Red-hot Abreu making 29 teams look foolish

Leave a comment

The faltering economy didn’t take much of a toll on CC Sabathia, Mark Teixeira and A.J. Burnett last winter, thanks to the Yankees’ lavish buyout plan, but those unwanted by the Bombers had to scramble to find refuge and many remained unemployed until February. Take Bobby Abreu, for instance. Too many quality GMs believed they were already set at the outfield corners and too many lousy ones weren’t bright enough to see that he was still a fine player. After talking with the A’s and White Sox, Abreu ended up accepting $5 million from the Angels just days before camp opened. It was an $11 million paycut.
Of course, Abreu has proven to be a bargain, even if he didn’t hit his first homer until May 26. He’s currently batting .322/.417/.455 with 22 steals in 27 attempts. He ranks sixth in the AL in average, third in OBP, tied for fifth in steals and 11th in runs created. He was just named the AL’s player of the month for July, mainly because he led the circuit with 28 RBI. His defense, much maligned during his final season in New York, has graded out as practically average this year.
Abreu is on pace to play in 150 games and post an 800 OPS for the 12th straight seasons. With one more homer, he’ll join Craig Biggio, Barry Bonds, Rickey Henderson, Joe Morgan and Willie Mays as the only players with 250 homers, 2,000 hits, 1,000 runs, 1,000 RBI, 1,000 walks and 300 stolen bases.
Unlike those five guys, Abreu hasn’t quite performed at a Hall of Fame level. He’s never led the league in average, OBP, slugging, homers, runs, RBI or steals. His only “black ink” comes from when he led the NL in doubles in 2002 and tied for the lead in Triple-A in 1999. He actually led the majors in walks in 2006, but that was the year he was traded from the Phillies to the Yankees at midseason. His highest ever finish in the MVP balloting was 14th place in 2005, which actually was pretty far down the list of his best seasons. He’s appeared in just two All-Star Games.
Abreu deserves much better treatment than he’s deserved through the years. He’s not one of the game’s greats, but he’s been awfully effective for a long time. Worse players have been enshrined in Cooperstown. It’s going to be very interesting to see how he’s treated when he’s a free agent again this winter. Abreu will turn 36 next spring, and he’s not known for his conditioning. Still, the remarkable durability should make him a candidate for one more multiyear deal, likely at significantly more than the $5 million he’s earning this season.

Josh Johnson retires from baseball

PEORIA, AZ - FEBRUARY 21: Josh Johnson #55 of the San Diego Padres poses during Picture Day on February 21, 2014 at the Peoria Sports Complex in Peoria, Arizona. (Photo by Mike McGinnis/Getty Images)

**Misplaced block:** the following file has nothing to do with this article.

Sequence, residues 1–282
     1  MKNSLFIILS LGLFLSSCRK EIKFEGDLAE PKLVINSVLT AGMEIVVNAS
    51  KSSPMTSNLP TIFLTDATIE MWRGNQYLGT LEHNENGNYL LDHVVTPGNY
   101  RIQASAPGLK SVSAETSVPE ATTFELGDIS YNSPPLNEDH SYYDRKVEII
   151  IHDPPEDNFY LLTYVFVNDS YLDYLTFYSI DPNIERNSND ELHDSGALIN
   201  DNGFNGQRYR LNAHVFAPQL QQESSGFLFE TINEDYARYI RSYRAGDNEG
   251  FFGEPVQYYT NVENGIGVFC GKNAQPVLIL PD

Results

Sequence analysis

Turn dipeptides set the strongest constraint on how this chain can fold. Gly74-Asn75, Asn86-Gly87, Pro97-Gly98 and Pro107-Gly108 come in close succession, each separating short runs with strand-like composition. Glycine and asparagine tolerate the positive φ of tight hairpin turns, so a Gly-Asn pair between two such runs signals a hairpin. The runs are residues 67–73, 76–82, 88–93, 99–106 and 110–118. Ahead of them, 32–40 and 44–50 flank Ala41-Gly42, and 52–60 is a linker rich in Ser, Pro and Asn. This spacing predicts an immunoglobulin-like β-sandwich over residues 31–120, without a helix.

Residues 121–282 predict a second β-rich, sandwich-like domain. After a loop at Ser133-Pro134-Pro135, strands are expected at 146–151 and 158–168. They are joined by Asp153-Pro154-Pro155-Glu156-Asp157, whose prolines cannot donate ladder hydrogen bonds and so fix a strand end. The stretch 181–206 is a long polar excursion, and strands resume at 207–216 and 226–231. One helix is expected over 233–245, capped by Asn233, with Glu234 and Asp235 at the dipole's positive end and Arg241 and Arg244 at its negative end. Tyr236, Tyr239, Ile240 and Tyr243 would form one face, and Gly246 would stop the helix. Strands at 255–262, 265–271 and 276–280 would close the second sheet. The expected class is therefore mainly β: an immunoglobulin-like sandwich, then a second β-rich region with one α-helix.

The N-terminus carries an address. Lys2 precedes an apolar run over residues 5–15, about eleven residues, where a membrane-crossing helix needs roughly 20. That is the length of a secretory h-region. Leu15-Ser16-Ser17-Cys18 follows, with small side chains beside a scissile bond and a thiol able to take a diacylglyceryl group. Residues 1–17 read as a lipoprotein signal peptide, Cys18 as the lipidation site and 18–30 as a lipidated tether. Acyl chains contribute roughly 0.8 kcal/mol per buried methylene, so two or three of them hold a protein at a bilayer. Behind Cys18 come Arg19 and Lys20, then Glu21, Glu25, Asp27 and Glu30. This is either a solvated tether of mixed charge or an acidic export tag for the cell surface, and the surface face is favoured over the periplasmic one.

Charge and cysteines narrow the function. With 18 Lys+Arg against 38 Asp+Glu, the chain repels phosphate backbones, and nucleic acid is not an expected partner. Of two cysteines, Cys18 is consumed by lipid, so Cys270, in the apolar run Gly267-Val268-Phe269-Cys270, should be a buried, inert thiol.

Mike McGinnis/Getty Images
2 Comments

Oft-injured pitcher Josh Johnson is retiring from baseball, ESPN’s Jerry Crasnick is reporting.

Johnson, 32, hasn’t pitched in the majors since 2013. The right-hander underwent his third Tommy John surgery in September 2015 but wasn’t able to bounce back.

Johnson spent most of his career with the Marlins, but also pitched for the Blue Jays in the big leagues, as well as the Padres in the minors. He retires with a career 3.40 ERA, 915 strikeouts across 998 innings in the majors, and two All-Star nominations. Johnson led the National League with a 2.30 ERA in 2010, finishing fifth in NL Cy Young Award balloting. One wonders what he could have accomplished if he was able to stay healthy.

Report: Angels close to a multi-year deal with Luis Valbuena

HOUSTON, TX - JULY 08:  Luis Valbuena #18 of the Houston Astros hits a three run walkoff home run in the ninth inning to defeat the Oakland Athletics 10-9 at Minute Maid Park on July 8, 2016 in Houston, Texas.  (Photo by Bob Levey/Getty Images)
Bob Levey/Getty Images
Leave a comment

The Angels are nearing a multi-year deal with free agent third baseman Luis Valbuena, Jeff Fletcher of the Orange County Register reports. It’s believed to be a two-year contract with a third-year option.

Valbuena, 31, hit .260/.357/.459 with 13 home runs and 40 RBI in 342 plate appearances in 2016. He missed most of the second half with a hamstring injury, for which he underwent surgery in late August.

Valbuena has played a majority of his career at third base, but also has extensive experience at second base and has racked up innings at first base and shortstop as well. He won’t play every day for the Angels, as Yunel Escobar lays claim to third base and C.J. Cron first base, but he will give them flexibility and a left-handed bat off the bench.